Clinton Promises to Help Israel Meet Future Threats

July 7, 2008 - 8:07 PM

Jerusalem (CNS) - Even if Israel should achieve peace with its immediate neighbors, Iraq and Iran will continue to pose threats to regional security, Prime Minister Ehud Barak said late Monday, while President Clinton re-committed the United States to help Israel face future risks.

Describing the Middle East as a "very tough neighborhood," Barak told a joint press conference at the White House the region boasted more weapons systems than NATO.

There was "no second opportunity for those who cannot defend themselves," he said. "And many threats might loom over the horizon without very long early warning."

"The prospect of proliferation of weapons of mass destruction and missile technology to places like Iran or Iraq create a major threat to the stability of the whole Middle East, to the free flow of oil from this region that helps to sustain the economies of both Europe and Japan - and, of course, to Israel."

Although seeking to achieve peace with its neighbors - specifically the Palestinians, Syria and Lebanon - Israel did "not aspire to eliminate any future risk from the globe by making peace with our neighbors."

Even so, said Barak, Israel was determined to improve future prospects for itself and its neighbors.

A statement released after the two leaders' talks said Clinton had "reiterated the U.S. commitment to help Israel minimize the risks and costs it incurs as it pursues peace."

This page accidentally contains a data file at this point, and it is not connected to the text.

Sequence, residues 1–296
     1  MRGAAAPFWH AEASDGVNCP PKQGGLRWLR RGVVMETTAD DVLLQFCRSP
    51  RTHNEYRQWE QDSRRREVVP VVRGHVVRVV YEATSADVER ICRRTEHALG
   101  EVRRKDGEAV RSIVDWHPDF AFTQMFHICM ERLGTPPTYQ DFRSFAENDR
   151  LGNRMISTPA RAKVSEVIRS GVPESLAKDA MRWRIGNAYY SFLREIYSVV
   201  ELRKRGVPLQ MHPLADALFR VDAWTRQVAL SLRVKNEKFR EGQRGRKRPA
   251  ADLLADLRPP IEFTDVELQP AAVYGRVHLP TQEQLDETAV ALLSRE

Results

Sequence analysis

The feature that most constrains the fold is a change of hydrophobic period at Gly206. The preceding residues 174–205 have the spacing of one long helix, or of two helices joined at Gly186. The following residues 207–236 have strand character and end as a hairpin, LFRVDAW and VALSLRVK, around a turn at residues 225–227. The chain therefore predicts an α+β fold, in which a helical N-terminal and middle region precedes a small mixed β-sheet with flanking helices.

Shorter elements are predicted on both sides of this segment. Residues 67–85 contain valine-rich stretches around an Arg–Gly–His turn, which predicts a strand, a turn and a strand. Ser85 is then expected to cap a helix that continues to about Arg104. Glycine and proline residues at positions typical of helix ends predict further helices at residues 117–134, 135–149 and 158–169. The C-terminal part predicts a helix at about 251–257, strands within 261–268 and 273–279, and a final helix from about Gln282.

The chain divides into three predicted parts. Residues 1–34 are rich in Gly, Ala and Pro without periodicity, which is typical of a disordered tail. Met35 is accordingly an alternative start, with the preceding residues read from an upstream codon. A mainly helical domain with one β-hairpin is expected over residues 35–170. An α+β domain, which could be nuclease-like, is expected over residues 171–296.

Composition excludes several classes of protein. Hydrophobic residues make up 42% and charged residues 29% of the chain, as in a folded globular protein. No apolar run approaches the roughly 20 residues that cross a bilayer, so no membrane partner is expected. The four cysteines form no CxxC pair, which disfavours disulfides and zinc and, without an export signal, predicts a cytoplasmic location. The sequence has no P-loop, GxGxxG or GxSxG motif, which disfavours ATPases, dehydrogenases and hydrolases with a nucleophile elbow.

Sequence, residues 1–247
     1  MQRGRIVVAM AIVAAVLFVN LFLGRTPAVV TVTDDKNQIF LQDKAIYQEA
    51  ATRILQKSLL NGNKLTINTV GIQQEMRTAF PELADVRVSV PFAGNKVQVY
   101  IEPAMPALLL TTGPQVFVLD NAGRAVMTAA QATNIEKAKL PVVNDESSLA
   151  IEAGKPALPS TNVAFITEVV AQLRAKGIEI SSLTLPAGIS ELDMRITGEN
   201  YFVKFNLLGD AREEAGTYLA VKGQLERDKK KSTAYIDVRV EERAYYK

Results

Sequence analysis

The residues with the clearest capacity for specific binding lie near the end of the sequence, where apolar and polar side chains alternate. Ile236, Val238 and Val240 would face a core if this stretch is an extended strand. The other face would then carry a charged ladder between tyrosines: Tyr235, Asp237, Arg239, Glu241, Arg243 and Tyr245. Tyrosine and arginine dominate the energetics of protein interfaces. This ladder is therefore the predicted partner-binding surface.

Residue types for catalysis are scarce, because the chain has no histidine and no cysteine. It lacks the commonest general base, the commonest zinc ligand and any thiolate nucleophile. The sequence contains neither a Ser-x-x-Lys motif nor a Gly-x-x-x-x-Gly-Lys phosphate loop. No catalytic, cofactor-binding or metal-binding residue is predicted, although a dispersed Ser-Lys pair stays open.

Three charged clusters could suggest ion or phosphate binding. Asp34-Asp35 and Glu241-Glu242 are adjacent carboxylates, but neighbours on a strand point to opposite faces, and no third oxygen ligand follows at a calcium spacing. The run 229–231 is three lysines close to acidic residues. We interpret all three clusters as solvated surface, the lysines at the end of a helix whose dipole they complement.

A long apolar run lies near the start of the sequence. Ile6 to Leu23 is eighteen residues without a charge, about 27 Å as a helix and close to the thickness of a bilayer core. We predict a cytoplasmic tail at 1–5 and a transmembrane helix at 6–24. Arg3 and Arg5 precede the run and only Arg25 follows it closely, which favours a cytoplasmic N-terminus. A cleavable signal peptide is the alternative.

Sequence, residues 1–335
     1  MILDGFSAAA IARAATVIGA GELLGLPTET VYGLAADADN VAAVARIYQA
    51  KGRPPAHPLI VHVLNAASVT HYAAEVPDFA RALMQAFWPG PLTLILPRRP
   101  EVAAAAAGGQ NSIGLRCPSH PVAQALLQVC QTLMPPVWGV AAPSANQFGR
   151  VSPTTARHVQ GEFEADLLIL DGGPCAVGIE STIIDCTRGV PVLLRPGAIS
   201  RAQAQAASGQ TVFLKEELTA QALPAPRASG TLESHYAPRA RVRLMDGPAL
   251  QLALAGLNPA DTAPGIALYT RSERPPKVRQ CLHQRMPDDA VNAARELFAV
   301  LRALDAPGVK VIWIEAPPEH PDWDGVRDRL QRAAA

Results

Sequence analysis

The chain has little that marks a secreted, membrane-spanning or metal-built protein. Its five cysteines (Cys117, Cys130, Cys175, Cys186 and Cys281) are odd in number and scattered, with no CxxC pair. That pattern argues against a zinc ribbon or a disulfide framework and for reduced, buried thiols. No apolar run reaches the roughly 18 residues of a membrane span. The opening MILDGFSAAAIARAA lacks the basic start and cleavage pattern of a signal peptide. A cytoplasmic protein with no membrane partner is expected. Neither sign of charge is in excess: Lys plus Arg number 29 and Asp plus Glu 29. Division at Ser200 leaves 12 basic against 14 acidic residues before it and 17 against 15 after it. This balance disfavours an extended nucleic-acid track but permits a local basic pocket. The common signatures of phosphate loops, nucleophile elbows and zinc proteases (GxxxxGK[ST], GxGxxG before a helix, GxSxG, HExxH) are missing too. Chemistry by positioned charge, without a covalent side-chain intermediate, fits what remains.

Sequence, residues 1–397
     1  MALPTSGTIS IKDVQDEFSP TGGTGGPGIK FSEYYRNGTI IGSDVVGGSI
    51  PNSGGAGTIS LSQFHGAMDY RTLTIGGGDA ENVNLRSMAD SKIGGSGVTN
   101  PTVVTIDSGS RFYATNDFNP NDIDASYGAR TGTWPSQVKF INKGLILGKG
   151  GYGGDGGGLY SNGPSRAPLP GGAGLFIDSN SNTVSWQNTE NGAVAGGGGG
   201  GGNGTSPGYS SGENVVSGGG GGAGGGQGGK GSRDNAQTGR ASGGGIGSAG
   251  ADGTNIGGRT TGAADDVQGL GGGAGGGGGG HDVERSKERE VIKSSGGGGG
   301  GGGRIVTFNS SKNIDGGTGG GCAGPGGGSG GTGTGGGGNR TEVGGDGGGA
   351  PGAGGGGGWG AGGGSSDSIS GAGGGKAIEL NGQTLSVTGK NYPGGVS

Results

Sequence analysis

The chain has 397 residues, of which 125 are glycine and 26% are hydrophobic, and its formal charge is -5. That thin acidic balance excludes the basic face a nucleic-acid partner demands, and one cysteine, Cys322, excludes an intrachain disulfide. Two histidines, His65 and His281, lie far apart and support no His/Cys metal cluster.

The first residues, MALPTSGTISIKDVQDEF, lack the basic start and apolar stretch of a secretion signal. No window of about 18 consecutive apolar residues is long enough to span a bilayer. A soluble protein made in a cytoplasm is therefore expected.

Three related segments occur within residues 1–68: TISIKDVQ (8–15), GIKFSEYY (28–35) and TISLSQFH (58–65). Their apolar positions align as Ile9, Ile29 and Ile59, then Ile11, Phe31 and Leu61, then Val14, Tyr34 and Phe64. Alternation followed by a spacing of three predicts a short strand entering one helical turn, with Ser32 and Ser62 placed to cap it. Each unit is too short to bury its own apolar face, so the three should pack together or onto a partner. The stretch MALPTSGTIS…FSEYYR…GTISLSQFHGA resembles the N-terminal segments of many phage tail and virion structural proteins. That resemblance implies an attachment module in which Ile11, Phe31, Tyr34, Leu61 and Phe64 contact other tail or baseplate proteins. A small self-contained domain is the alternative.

The president said the U.S. would help Israel maintain its qualitative edge and strengthen its own ability to defend itself against any threats. U.S. military aid would be increased by one-third over the next decade, while economic aid would gradually be phased out.

There would also be enhanced bilateral collaboration to develop technology to counter ballistic missile threats, and security agencies from the two countries would cooperate in efforts to prepare for and respond to terrorism involving weapons of mass destruction.

During their press conference both Clinton and Barak shied away from attempts to set timetables for achieving progress in Israeli-Arab diplomacy.

Clinton said it was not the role of the U.S. to make such stipulations, while Barak said his desire to have a sense of the chances for peace within 15 months should not be interpreted as a strict deadline.

Rather, he wanted to signal that Israel was not expecting a "magic solution that will drop upon us from heaven in three weeks," but neither did he intend to drag matters out for another three years.

Barak and Clinton welcomed reports that the Syrian government has ordered Damascus-based Palestinian groups opposed to the Oslo Process to stop attacking Israel. Syria has not officially confirmed the reports, which some in the "rejectionist" organizations have disputed.

Barak's chief of staff, Danny Yatom, told Israel Radio Tuesday peace talks with Syria could resume within weeks.